Futurism

Notes on Tech-Nomading

Back in June I did a short experiment nomading. A trip that was just a change of home but not a vacation. My sister was going to Rome to shoot a war documentary for a couple of weeks, so we flew to Toronto.

She had the main things I needed. A house, a car, and of course a DSL connection. But could I get my home environment? I brought a wireless access point, and the ATA for my Vonage phone account. The Vonage account has both a Silicon Valley number and a Toronto number, so it moved quite easily. People could still call me on the regular numbers, and I could make calls without concern for the cost. I borrowed a local cell phone since my efforts to get my own spare phone unlocked and with a local NAM didn't work out.

Also vital for me was a big screen. I'm used to a very nice 1600 x 1200 21" screen and that's not portable. I was able to borrow a 19". My servers at home kept running and in fact I did a lot of things on them remotely 2500 miles away. At one point the DSL flaked out and I had to find a friend to come in and reboot it, but otherwise that was fine.

Toronto is a town I've lived in, so this is cheating, but I haven't really lived there since I was young, so it's halfway to a foreign town in terms of knowing my way to things. At your own base, you learn a lot about your area. You learn all the traffic patterns, and you know where all the shops are that have the things you want at the prices you like. It takes a lot of time to duplicate that.

I've also learned that as I've gotten older I've gotten too dependent on stuff. I think back to the first time I moved cross country, putting everything in the back of my hatchback and feeling great. The last time, I used 20 linear feet of Transport truck.

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Brave new world of Vasopressin gene therapy

Emory University scientists, taking one species of vole that is one of the extremely rare animals to be actually monogamous, found a gene to boost the effect of Vasopressin, one of the love hormones. Inserting this gene into other voles made them more socially monogamous.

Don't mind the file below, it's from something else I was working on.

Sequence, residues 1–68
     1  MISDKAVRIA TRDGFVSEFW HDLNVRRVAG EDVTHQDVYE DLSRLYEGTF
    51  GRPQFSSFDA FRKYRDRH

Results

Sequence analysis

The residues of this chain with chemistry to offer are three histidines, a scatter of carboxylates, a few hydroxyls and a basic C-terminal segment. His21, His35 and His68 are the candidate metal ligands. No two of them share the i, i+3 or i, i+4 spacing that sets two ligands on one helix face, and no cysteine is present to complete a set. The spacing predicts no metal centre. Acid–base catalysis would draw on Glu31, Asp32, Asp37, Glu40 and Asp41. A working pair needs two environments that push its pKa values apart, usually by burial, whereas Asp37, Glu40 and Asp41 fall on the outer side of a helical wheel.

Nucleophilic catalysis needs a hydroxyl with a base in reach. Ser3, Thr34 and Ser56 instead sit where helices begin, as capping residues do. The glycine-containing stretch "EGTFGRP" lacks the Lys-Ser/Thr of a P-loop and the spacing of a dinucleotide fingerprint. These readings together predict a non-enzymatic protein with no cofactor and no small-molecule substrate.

I had heard of this before, and there has been science fiction about couples taking love drugs, but this story made me wonder about how people might try to alter the concept of marriage.

Imagine there was a gene therapy which would improve the chances that you would remain in love with the one you currently love. Might couples want to take it when getting married? (Or, more practically, after a few years of test marriage and before children are begun.)

And more to the point, if this became popular, might there arise pressure to do so, even for those who don't particuarly want it?

One can imagine injecting the virus to deliver the gene at the wedding, truly sealing the bonds of love. (It's unlikely that the romantic idea of transmitting the virus in the first marital kiss would be a good idea.)

But what if it starts coming down to "Honey, why won't you take the gene therapy? Don't you love me enough? I'll take it for you!"

How will we answer that?

New law on semiconductor growth

In 1965, Gordon Moore of intel published a paper suggesting that the number of transistors on a chip would double every year. Later, it was revised to suggest a number of 18 months, which became true in part due to marketing pressure to meet the law.

Recently, Intel revised the law to set the time at two years.

So this suggests a new law, that the time period in Moore's Law doubles about every 40 years.

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